37 Ceramic Antennas Pros Small size Compact surface mount units Cons
Large ground plane dependence -> high of non-working antenna Narrow bandwidth Low efficiency Hand sensitive

38 Mechanical design Parameters that affect performance
Covers: Material, Shape, Colors, Metalisation Free space / Office environment Humans Stationary/mobile application Reflections from walls etc Environmental factors

39 Electrical design Parameters that affect performance Ground plane
Position Surrounding components Transmission line dimensions Feeding (balanced/unbalanced) Matching Through platings

40 Strips Even if calculated to be 50 ohm, if too thin it introduces large losses due to distributed parasitic coupling to ground plane. Long strips should be avoided because of the high losses at 2.4 GHz in general FR-4. Sharp bend should be avoided because of the parasitic effects. Better to split up into two bends or a large radius. Some effects could be avoided if corner is chamfered.

41 Different type of strip lines
Co-planar waveguide Microstrip Grounded co-planar waveguide Stripline

42 Antenna impact on the PCB
Antenna require certan ground plane Or lack of ground plane Be aware of antenna user interaction RF close to radio chip because of feeding Area for matcing components Surrounding components (battery, contacts, cables, loudspeaker) Outside shielded areas

43 Transmitter characteristics

44 Receiver characteristics
0dBm TX Power -40 dBm RX 1m -70 dBm RX 10m -90 dBm noise floor Specification requires -70dBm Some radio chips down to -90dBm The actual sensitivity level is defined as the input level for which a raw bit error rate (BER) of 0.1% is met. The requirement for a Bluetooth receiver is an actual sensitivity level of –70 dBm or better. The receiver must achieve the –70 dBm sensitivity level with any Bluetooth transmitter compliant to the transmitter specification The 10 meter range is not included in Bluetooth specification.

45 Antenna range Friis transmission equation relates operating range, power and gain Hard partition office decreases range  increases n Two antennas with 2 dBi gain Radio fulfilling -70 dBm.

46 Antenna measurements

47 Network Analyser Measuring S-parameters in frequency domain VSWR, Return Loss, Smith Chart Phase Evaluate matching Evaluate undesired losses Coverage measurements                           

48 VSWR (Voltage Standing Wave Ratio)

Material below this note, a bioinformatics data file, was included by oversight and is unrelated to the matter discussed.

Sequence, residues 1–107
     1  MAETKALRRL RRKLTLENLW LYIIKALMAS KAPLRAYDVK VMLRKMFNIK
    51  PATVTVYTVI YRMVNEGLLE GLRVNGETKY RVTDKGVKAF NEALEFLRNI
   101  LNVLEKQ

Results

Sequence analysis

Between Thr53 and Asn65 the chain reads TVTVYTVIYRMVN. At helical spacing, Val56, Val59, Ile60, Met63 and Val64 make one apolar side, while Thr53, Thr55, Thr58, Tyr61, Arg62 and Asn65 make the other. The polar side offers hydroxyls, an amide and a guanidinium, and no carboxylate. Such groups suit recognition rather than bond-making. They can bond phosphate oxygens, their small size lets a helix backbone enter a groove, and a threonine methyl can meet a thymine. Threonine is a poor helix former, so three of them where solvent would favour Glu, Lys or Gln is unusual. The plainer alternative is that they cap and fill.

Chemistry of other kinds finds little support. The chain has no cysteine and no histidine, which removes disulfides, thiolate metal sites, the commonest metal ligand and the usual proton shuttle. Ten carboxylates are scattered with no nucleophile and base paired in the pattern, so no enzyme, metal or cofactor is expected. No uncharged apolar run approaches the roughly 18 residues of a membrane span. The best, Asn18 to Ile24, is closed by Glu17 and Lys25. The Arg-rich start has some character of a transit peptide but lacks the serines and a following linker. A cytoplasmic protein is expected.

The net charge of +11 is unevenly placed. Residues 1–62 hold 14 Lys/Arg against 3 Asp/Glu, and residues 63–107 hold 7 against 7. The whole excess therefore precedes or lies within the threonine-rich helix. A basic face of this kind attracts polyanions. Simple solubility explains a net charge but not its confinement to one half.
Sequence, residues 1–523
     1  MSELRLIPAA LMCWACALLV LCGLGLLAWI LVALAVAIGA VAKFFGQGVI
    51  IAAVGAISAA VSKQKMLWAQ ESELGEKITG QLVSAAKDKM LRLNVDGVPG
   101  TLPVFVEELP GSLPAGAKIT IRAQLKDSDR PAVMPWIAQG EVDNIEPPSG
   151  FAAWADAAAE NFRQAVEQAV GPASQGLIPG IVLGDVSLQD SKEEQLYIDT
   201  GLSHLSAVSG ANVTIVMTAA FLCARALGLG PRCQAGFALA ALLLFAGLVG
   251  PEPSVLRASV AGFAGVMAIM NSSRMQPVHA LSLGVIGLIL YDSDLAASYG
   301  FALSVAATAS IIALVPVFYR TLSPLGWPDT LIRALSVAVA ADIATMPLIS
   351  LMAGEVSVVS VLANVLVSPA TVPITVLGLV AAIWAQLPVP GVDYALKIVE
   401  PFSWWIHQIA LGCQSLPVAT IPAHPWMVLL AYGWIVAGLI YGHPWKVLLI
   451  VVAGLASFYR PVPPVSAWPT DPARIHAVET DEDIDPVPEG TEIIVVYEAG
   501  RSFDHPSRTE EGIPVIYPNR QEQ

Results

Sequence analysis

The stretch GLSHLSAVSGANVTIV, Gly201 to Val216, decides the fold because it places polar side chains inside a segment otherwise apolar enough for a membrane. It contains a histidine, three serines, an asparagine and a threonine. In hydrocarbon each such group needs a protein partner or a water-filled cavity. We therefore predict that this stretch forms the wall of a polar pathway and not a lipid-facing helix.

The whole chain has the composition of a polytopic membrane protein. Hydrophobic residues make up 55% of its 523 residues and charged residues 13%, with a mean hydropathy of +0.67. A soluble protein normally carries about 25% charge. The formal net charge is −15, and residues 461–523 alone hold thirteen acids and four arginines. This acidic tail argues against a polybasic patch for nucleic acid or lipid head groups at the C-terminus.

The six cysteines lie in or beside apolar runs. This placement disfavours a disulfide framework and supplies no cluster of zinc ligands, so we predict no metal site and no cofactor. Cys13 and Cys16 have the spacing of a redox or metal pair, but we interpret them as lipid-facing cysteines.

Determination of matching between the antenna and the transceiver in the prototype Essential to minimising power losses

49 VSWR Ideal 1:1 Typical 2:1 Minimized by matching network Power sent to the antenna should be accepted and not reflected.

50 Return Loss Used to describe antenna Related to VSWR
Narrow / Spread band S11-parameter The analyzer sweeps frequencies and register reflection from antenna

51 Smith Chart is used for matchinng and adjusting antennas
Based on the result of Smith Chart measurements gigaAnt can carry out network matching Antenna Impedance Strip line impedance Smith Chart is used for matchinng and adjusting antennas

52 Transmission measurement
Losses in feeding Losses in connections Isolation between antennas S12-parameter

53 Antenna measurements

54 3D radiation pattern Radiation pattern of the antenna when mounted in the actual device Needed to ensure the required functionality. It is easily seen if an antenna really is sufficiently omnidirectional or if a directional antenna has the expected radiation pattern.

55 Field regions of antenna

56 3D radiation pattern measurement
Anechoic chamber with shielding and absorbers Advanced controlling of probe position Two probes collecting both polarisations Network analyzer to collect data Nearfileld to farfield transformation Measure one frequency at the time DUT is rotating phi while probes are stepping theta.

57 Radiation Pattern Pattern from Bluetooth swivel under development measured in Moteco´s anechoic chamber. A 3D scan reveals things a 2D scan never could.

58 Antenna measurements

59 SAR - (Specific Absorption Rate)
Governmental/ International agreement on how much a transmitting unit is allowed to heat tissue We verify compliance with national/international regulations  = Tissue conductivity (S/m) E = Electric field strength in tissue (V/m)  = Tissue dencity (kg/m3)

60 SAR Not necessary for the 10 meter (1dBm) Bluetooth standard
Necessary for the 100 (20dBm) meter Bluetooth standard Europe 2.0 mW/g over 10g cube tissue USA 1.6 mW/g over 1 g cube tissue SAR measurements are difficult Requires expensive and advanced equipment

61 Field measurement Examination of the electrical and magnetic fields on the surface of the product (prototype) and antenna Important measurements the result is used during the development process to verify functionality and to ensure SAR compliance

62 Summary Antenna Development
Simulation is a useful tool, but not perfect The PCB is very essential to make a good antenna. Prototypes are an essential part of the development Continuous measurement and verification after changes in the surroundings Experience and know-how are important for a good result Iteration between design and measurement is needed

63 You need the right antenna to communicate !
What ?